Early Education in the News
For parents having trouble deciding whether their 5-year-old is ready for kindergarten, a bill under review in the state House Education Committee would make the decision easier for them.
House Bill 4987, introduced in mid-October by retired school teacher Rep. Charles Brunner, D-Bay City, calls for full-day, mandatory kindergarten enrollment for 5-year-olds.
Michigan law now makes school compulsory at age 6. A child who turns age 5 between Jan. 1 and Sept. 1 has the option to attend kindergarten, but enrollment is not mandatory in Michigan. Parents whose children turn 5 after Sept. 1 can seek a waiver to enroll their child in kindergarten.
Kindergarten is optional in 34 states and mandatory in 16 and the District of Columbia.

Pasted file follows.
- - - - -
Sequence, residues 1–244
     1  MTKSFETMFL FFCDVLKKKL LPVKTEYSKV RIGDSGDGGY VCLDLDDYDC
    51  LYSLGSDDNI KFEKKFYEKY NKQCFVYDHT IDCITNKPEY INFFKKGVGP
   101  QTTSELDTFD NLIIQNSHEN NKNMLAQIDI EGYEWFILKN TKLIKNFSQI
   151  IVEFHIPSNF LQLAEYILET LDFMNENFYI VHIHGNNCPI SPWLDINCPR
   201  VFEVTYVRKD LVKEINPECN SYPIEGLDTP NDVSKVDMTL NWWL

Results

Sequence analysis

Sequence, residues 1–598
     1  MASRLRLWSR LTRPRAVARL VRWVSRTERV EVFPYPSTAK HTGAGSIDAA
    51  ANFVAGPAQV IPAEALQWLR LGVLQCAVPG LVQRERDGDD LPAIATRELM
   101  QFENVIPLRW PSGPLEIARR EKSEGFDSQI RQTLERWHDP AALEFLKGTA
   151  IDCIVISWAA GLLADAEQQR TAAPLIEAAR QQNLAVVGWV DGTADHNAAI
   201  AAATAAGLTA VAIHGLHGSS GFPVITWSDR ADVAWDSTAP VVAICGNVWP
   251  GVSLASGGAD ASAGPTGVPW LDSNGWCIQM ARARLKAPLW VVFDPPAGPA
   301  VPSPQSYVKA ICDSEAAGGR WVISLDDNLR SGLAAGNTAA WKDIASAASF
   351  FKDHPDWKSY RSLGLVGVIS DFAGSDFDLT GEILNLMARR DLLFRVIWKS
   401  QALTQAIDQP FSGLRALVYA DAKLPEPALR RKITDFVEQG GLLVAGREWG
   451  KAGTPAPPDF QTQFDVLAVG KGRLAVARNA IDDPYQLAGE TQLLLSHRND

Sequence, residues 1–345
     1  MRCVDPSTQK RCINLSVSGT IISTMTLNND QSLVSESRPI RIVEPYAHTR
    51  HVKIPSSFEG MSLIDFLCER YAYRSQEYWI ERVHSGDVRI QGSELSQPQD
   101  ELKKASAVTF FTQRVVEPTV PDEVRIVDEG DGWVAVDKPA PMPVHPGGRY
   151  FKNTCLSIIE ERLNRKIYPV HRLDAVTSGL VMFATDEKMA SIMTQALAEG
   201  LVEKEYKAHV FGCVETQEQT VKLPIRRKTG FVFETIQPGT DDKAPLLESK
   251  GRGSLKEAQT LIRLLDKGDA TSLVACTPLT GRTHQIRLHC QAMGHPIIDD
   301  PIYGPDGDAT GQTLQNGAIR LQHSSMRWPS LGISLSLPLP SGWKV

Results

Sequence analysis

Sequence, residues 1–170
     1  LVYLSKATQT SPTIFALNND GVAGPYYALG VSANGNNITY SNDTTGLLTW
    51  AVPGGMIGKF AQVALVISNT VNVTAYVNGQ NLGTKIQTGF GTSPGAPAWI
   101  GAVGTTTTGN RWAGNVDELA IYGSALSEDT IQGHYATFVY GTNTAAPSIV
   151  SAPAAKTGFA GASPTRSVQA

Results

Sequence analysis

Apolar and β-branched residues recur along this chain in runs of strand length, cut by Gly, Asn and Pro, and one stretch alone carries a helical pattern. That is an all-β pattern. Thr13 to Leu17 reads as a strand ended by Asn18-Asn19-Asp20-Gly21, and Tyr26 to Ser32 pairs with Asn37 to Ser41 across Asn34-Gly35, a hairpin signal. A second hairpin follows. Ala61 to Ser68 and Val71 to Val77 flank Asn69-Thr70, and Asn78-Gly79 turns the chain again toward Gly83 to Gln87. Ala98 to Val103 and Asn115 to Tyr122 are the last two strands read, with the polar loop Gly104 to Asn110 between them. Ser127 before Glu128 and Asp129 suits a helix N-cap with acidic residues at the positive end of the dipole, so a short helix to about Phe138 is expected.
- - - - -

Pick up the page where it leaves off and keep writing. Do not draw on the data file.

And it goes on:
The push for expanded preschool funding didn't end in June when the Minnesota Legislature wrapped up a special session by agreeing on a $79 million spending boost. For Gov. Mark Dayton, who says giving families widely expanded access to preschool is a top priority of his final years in office, that compromise was only the beginning. Since then, he and his deputies have made it a point to visit preschool programs whenever they can. Dayton and Lt. Gov. Tina Smith's schedules alone show they have visited schools four dozen times this year.
The entire Legislature is up for election in 2016, and members will be eager to campaign on their accomplishments. But Dayton insists lawmakers address his priority of widely expanded preschool funding if they want his support for other legislation. "I'll make it a requirement for getting my support for certain things that legislators want, like tax cuts," the Democratic-Farmer-Labor Party governor said as the school year began in September. "But there's no way I am going to support giving money back when there's money that's badly needed for these kind of purposes."
The 18 civic and education leaders, all with ties to Kansas City’s Early Learning Commission, came for a long day of learning how Denver pulled off universal preschool.